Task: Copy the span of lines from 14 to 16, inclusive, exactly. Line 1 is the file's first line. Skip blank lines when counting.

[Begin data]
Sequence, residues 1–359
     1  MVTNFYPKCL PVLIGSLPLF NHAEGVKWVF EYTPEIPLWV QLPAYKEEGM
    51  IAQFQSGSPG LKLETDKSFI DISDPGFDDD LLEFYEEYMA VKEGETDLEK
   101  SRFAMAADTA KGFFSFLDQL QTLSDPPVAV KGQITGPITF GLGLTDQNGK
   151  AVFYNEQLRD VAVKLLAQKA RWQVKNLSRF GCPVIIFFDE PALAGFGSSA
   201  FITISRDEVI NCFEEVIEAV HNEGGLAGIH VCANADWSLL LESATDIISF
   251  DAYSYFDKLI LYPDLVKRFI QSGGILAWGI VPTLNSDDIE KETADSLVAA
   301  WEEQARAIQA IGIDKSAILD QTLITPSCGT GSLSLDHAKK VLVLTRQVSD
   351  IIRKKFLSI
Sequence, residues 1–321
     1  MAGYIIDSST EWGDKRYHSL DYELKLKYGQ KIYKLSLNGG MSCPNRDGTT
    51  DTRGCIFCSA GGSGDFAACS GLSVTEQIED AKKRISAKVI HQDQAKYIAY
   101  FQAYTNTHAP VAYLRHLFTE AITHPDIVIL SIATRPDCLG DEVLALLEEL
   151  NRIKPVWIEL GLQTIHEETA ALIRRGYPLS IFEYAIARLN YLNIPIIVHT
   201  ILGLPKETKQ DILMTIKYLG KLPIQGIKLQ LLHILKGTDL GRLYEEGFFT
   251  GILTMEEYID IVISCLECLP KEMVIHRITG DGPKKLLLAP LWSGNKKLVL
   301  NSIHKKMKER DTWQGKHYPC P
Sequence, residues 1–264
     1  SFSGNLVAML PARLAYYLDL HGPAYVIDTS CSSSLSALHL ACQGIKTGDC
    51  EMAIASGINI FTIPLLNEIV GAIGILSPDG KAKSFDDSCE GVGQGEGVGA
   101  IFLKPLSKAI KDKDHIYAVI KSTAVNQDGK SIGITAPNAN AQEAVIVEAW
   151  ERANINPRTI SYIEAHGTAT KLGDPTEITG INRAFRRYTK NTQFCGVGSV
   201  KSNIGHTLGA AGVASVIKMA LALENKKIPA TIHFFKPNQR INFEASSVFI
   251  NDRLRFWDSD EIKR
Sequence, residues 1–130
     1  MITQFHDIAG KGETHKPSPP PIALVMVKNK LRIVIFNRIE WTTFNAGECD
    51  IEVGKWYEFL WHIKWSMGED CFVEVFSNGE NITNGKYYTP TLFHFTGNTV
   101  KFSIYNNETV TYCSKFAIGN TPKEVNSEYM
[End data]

   151  NRIKPVWIEL GLQTIHEETA ALIRRGYPLS IFEYAIARLN YLNIPIIVHT
   201  ILGLPKETKQ DILMTIKYLG KLPIQGIKLQ LLHILKGTDL GRLYEEGFFT
   251  GILTMEEYID IVISCLECLP KEMVIHRITG DGPKKLLLAP LWSGNKKLVL